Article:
As EoZ observed:
Yes, an Arab from Yemen or Egypt can become a citizen of Jordan, but one from Gaza cannot. Sounds like apartheid to me.
Lesson 3: Protests against the Israeli Embassy are not tolerated in Jordan
The Jordan Times reports that “Activists from the ‘Welcome to Palestine’ campaign were dispersed by police while demonstrating outside the Israeli embassy on Thursday after refusing to relocate.”
The activists were protesting against Israel’s decision to deny them entry to the West Bank last week.
The police asked the activists to move to a different location farther from the embassy, but they refused, and when police officers arrived to physically remove them, some sat or lay down on the ground.
Olivia Zemore, the campaign’s spokesperson, told The Jordan Times that the protesters had decided to relocate to the Kalouti Mosque, around 400 metres away, where Jordanian activists were holding a weekly pro-Palestine demonstration.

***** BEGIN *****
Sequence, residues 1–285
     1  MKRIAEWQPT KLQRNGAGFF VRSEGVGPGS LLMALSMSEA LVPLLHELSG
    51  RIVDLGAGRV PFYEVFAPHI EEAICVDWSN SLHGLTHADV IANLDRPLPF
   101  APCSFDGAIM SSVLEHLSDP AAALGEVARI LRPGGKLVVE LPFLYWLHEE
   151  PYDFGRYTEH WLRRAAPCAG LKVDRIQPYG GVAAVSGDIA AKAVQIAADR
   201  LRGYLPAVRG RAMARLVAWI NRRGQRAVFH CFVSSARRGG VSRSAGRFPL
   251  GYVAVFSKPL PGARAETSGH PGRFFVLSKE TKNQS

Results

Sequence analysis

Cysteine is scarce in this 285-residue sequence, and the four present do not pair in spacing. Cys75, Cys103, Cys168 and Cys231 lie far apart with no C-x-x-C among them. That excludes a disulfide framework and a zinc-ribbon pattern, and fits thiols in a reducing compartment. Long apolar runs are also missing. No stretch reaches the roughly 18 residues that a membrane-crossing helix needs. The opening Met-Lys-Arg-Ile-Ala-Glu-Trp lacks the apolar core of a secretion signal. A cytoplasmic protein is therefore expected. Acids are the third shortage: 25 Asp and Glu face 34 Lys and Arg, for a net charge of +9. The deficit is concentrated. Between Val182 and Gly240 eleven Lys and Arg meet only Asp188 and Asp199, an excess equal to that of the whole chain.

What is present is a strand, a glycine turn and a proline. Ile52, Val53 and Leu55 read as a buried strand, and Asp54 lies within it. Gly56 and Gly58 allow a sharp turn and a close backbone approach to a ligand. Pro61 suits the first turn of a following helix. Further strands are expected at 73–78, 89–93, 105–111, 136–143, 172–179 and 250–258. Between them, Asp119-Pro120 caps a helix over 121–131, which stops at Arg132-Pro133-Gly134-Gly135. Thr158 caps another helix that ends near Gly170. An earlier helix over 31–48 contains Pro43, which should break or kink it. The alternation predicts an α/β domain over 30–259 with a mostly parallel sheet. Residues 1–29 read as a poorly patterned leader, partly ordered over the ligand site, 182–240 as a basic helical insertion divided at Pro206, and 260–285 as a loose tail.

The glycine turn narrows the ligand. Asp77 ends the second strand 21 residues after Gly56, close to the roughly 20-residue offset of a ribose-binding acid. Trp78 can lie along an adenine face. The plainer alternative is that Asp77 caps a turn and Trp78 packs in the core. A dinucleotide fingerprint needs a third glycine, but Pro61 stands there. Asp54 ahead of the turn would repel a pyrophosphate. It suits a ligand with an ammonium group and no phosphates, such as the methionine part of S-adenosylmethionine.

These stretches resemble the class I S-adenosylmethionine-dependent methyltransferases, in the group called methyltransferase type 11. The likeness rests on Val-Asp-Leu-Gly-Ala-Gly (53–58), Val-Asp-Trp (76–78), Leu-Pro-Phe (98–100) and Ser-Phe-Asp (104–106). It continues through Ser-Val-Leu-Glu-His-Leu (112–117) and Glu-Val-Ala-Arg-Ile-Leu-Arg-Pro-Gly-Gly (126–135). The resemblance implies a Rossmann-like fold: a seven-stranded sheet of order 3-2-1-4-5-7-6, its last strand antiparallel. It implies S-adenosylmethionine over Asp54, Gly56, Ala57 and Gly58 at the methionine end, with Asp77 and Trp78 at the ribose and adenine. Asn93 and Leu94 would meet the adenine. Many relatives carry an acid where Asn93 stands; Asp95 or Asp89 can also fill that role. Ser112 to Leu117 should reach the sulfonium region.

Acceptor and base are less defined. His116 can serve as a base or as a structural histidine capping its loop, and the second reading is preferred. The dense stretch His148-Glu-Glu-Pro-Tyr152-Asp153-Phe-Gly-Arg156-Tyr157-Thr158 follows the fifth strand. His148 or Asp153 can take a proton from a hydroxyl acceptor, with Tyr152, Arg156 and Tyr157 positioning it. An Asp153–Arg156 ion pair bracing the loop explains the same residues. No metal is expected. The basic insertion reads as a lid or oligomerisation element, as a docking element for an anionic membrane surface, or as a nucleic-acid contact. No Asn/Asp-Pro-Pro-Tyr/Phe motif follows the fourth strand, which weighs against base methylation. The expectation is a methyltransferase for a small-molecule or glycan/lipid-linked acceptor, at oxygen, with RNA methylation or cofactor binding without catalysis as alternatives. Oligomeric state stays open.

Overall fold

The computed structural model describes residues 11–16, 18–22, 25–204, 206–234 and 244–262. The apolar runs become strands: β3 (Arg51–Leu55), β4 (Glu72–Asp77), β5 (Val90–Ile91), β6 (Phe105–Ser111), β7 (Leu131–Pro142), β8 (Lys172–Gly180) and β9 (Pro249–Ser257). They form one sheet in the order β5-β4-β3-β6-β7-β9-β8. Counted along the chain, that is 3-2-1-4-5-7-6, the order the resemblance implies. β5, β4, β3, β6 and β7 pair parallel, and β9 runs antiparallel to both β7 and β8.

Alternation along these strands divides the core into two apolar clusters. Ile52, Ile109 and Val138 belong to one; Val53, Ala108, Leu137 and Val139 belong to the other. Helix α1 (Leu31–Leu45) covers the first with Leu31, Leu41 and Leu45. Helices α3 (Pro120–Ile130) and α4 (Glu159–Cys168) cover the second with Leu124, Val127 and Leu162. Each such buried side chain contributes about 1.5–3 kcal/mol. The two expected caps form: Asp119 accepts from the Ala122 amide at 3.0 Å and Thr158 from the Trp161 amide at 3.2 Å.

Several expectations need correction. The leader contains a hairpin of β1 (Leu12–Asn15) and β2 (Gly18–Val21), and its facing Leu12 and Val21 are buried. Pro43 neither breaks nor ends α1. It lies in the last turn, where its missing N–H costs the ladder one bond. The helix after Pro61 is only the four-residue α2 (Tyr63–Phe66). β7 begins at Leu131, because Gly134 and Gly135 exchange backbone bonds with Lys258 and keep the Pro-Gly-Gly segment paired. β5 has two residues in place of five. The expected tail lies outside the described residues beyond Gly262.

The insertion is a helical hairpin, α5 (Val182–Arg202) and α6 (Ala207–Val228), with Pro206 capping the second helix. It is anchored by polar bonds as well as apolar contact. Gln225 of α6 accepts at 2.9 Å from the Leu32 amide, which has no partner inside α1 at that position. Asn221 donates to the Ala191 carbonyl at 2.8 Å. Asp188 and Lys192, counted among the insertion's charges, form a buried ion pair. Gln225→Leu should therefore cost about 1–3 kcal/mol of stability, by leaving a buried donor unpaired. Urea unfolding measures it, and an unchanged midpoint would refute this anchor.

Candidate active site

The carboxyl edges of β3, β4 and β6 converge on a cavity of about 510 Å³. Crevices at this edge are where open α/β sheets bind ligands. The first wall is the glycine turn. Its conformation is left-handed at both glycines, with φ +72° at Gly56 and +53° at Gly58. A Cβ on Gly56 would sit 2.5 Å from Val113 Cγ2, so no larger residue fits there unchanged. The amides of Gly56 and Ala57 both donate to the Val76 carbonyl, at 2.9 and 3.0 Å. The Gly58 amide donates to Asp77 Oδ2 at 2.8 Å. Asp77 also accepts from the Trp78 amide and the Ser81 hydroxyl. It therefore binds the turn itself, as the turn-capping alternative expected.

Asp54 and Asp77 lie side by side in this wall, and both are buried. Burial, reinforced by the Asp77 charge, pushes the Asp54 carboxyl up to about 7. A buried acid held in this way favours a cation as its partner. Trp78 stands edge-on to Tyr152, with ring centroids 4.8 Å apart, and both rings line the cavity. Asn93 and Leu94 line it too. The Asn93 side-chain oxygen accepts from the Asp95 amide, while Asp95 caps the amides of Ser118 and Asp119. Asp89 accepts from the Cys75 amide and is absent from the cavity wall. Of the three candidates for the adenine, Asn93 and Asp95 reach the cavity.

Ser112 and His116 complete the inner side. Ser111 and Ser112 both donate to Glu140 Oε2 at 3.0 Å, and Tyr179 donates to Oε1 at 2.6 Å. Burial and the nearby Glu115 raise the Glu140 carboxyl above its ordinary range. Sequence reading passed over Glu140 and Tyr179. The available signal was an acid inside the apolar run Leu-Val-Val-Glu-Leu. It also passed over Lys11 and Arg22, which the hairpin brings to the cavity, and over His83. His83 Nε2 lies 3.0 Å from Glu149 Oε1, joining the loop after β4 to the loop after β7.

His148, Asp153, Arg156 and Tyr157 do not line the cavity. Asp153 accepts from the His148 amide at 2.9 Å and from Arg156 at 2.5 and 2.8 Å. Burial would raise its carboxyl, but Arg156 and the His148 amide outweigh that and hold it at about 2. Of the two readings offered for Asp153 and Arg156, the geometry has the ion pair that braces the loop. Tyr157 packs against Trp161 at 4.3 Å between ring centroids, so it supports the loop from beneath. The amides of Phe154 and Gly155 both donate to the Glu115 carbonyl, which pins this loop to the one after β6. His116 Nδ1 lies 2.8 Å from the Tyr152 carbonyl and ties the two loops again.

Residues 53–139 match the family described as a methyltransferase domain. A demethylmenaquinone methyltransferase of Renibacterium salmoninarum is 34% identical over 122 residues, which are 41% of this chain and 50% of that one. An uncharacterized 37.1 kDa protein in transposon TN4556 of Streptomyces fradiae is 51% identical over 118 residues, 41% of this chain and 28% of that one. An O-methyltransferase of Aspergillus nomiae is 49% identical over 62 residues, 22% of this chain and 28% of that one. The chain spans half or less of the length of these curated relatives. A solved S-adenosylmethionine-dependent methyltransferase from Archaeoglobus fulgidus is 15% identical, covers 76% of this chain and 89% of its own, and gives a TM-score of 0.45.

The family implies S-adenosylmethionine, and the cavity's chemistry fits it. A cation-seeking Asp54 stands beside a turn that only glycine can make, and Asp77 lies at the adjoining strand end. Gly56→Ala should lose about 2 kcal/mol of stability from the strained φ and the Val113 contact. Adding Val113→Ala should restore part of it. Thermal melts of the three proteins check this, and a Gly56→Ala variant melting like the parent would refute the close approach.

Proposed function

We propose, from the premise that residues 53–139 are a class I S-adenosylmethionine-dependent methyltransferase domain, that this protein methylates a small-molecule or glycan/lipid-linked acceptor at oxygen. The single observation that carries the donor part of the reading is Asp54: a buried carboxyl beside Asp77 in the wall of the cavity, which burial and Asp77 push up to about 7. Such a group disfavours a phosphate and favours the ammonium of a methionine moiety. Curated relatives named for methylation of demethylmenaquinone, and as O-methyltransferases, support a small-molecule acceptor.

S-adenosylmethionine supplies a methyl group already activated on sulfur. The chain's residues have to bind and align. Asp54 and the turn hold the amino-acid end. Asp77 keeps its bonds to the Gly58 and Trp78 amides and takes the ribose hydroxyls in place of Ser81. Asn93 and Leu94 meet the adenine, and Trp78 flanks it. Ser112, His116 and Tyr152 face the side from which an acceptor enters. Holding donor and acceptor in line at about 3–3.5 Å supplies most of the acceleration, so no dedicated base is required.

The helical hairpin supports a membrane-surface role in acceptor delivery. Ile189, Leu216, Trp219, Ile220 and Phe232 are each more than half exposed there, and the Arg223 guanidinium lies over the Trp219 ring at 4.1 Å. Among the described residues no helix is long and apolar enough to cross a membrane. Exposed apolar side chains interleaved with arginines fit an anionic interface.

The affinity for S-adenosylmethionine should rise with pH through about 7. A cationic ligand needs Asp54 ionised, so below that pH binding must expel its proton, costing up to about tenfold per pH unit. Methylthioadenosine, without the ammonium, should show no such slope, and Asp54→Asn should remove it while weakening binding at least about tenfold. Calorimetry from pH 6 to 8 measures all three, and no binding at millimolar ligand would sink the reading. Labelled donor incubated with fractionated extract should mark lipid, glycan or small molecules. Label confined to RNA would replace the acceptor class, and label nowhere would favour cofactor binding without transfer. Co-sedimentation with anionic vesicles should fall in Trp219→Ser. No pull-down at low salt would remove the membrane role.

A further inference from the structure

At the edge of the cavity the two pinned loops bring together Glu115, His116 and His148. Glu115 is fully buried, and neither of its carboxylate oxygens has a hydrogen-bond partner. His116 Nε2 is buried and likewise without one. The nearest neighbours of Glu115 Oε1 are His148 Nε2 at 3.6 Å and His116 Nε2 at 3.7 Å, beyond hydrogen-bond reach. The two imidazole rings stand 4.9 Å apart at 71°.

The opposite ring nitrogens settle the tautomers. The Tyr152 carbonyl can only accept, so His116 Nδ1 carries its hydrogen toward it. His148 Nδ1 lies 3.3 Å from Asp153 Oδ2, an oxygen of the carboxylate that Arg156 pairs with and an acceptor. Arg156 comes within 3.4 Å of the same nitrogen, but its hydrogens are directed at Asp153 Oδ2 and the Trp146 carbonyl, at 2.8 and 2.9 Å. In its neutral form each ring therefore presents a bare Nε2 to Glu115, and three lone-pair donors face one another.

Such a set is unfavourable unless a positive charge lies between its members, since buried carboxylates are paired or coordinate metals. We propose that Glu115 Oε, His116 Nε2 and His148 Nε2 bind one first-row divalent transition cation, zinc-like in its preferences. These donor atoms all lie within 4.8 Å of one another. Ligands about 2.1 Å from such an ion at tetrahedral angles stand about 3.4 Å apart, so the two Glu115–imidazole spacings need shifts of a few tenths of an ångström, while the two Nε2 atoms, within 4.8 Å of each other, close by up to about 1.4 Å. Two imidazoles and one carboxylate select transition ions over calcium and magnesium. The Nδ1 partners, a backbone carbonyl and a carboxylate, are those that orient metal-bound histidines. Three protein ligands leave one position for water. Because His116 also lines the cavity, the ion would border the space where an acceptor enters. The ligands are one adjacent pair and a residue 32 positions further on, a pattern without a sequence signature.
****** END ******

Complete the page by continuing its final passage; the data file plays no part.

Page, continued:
“We were not allowed to protest here and that is why we are marching to the Kalouti Mosque, where there are Jordanian protesters.”
The demonstrators who refused to move were placed in police vans and driven to the alternate site; none were arrested.
See Lesson 1 – Jordan has little patience for these stunts. This is not London where protesters can spend an afternoon hurling abuse at Israel outside the embassy there. Perhaps, also, the Jordanians felt that things might get out of hand if, say, the local branch of the Muslim Brotherhood joined in.
Lesson 4 is yet to be learned: Egypt, not just Israel, also blocks access to Gaza.
The activists are planning an attempt to enter Gaza through the Rafah border crossing with Egypt sometime this year.